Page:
culture

La Comida—Spain’s Most Important Meal

Spanish food, American food. Spanish meals, American meals. Spanish life, American life. How are they similar? How are they different?

Okay, I’m going to stop sounding like a blue-book exam right about now.

In Spain, you may hear people say the following:

  • Salimos después de comer.
  • ¿Cuándo vais a comer?
  • Paramos para comer.
  • Te dieron de comer, ¿no?

I’ve figured it out—the Spanish day isn’t structured around the clock (not really). It’s all about la comida, lunch. (In high school we learned the word almuerzo, which isn’t the same thing in Spain. Almuerzo tends to be a mid-morning snack, whereas la comida is lunch around 2 or 3 p.m.) This led me to tell Mario that people are fixated on eating lunch! It plays such a central role.

In the states, we have morning until 11:59 a.m., afternoon after 12 p.m., evening after about 6 p.m., and night after about 9 p.m.

In Spain, morning is until you eat. After that it’s la tarde (literally “the afternoon”) until you have dinner. After dinner, it’s nighttime. For me, it’s still weird to hear 7 p.m. being referred to as 7 in the afternoon, but I’m getting used to it.

Spanish food

Photo from Hayley Comments

Eating must be pretty important for Spaniards! Of course, you know it is. Most Spaniards I know would not want to spend their lunch hour in front of the computer with a sandwich in their hand. Indeed, this is the antithesis of the traditional Spanish lunch.

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Dad and I eating in San Sebastián, Spain

What is the (traditional) Spanish lunch about, then? It’s about …

taking a real break. Don’t give me any 30-minute lunches, I’m talking at least an hour and maybe two. Of course, if you have a job, it’s shorter. Mario has a full two hours to eat, but since we live in Madrid, going home for lunch would just be silly. In small towns it is much easier to do this. Nonetheless, most Spaniards take a break, even if it is just to sit down with work colleagues in the office.

… first plate, second plate, fruit, dessert, coffee. At least in la casa de mis suegros, this is how it goes, almost always. You can shake things up a bit by having small appetizers for the first course or making the fruit the dessert. My father-in-law has fruit, dessert, and then sometimes a small cookie with coffee. Sweet tooth? Nah.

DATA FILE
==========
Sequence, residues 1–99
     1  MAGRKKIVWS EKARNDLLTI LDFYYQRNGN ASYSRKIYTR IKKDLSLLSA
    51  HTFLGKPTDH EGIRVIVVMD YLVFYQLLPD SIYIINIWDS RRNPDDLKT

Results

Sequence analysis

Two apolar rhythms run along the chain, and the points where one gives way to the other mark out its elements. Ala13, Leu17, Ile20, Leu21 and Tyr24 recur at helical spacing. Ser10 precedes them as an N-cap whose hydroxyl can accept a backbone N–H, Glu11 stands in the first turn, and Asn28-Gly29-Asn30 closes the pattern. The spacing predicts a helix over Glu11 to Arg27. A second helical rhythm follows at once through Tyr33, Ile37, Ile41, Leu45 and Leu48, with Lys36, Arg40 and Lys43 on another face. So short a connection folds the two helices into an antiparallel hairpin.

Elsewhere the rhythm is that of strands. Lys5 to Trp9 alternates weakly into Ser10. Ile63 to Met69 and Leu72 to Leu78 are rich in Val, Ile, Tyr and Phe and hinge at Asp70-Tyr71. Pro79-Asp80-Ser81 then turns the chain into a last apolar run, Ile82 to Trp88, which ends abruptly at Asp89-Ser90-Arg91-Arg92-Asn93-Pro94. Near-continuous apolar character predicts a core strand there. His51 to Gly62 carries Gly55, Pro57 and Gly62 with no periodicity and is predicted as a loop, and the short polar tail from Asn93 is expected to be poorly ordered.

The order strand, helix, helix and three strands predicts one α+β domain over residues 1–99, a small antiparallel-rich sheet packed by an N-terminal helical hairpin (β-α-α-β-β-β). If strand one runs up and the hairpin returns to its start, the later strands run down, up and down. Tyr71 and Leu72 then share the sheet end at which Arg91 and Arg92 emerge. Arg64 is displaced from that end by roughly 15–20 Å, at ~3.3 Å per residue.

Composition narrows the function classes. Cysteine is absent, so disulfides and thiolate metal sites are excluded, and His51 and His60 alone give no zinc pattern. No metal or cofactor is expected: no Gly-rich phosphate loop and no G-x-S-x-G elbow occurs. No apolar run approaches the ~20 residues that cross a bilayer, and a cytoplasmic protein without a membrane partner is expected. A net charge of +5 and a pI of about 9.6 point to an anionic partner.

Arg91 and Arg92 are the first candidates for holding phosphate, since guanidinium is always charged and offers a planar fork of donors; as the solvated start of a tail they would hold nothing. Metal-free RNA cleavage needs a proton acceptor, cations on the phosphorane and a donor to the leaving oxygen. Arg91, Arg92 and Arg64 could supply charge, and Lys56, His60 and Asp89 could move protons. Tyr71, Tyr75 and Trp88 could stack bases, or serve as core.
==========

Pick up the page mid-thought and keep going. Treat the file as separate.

… the three o’clock news. Unless it’s a special meal, the news tends to be on while we’re eating. This doesn’t mean we always pay attention to it. Before the news comes on, we watch The Simpsons. Because of the timing, a lot of Spaniards end up watching the Simpsons, a fact I attribute to its immense success here in Spain.

la sobremesa. A word with no real English equivalent, sobremesa is the chat after the meal, as people linger over coffee, sweets, and liqueurs. As people are generally content with their bellies full and the wine flowing through their veins, there can be some really intriguing and enlightening conversations that occur.

la siesta. This is not as true as it once was, but many do pause to take a short nap, whether it be on the couch or in a bed! I find that the more I eat, the more I want a siesta! Of course, when we’re having dinner at my in-laws’ house, we generally don’t eat lightly.

La comida, besides meaning lunch, literally means “food,” emphasizing the meal’s importance for many Spaniards. As I live here longer and longer, I am beginning to love the concept and embrace the (outdated?) concept of sitting down with loved ones and pressing pause for a moment.

What do you love about the Spanish idea of la comida?

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Spain Blogger Confessions

You all already know I’m not the starry-eyed Spain enthusiast that some bloggers are. I do like Spain, of course—I just take it in moderation. Some days enough gets to be enough. So I thought I’d confess a few things that you might not have surmised from my posts. It’s okay to be honest—really, we’re better off for it!

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Okay, Kaley, less “Blah, blah, blah” and more fun!

  • I don’t try everything. I don’t care how good you insist it is, I don’t want to try morro (snout) or criadilla (bull testicle) or oreja (ear). I’ve tried orejas already and never again!). If this makes me unadventurous, sue me.
  • I hate dubbing. I refuse to watch TV shows dubbed. In any language. Please, try to tell me that The Big Bang Theory is just as funny in Spanish. No. Just no. So yeah, this means I watch a lot of TV in English, which is bad for my Spanish learning. But I really don’t like Spanish TV or movies. Neither does Mario. 
  • I’m still patriotic. No, I’m not blindly patriotic. I understand the US has its flaws and is not God’s chosen country, but I still love my country and miss so many things about it—barbecues, the openness, the informality, the ease with which I navigated any and all social situations … en fin, so much!
  • I don’t idealize the Spanish lifestyle. Sure, Spain is known for relaxation, sun, and siestas. But the truth is, many Spaniards work endless days and get little to no rest. Nowadays the unemployment rate is sky high. I think that Spaniards definitely get it right with regards to enjoying food/drink, eating healthily, and walking, but they’re not perfect. They’re not inherently less lazy than Americans. They’re human—just like us.

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Spain + America = Success

  • I have a love/hate relationship with blogging. Sometimes (most of the time), I love blogging. I love the relationships it has created, the opportunities it has given me, the wonderful feedback I get from it. At others, I feel intimidated by other bloggers, worried that no one likes me, afraid that what I say will cause someone somewhere to become angry with me. I’m often envious of other bloggers’ success because I wish that I could achieve that same level of success without compromising any of my principles.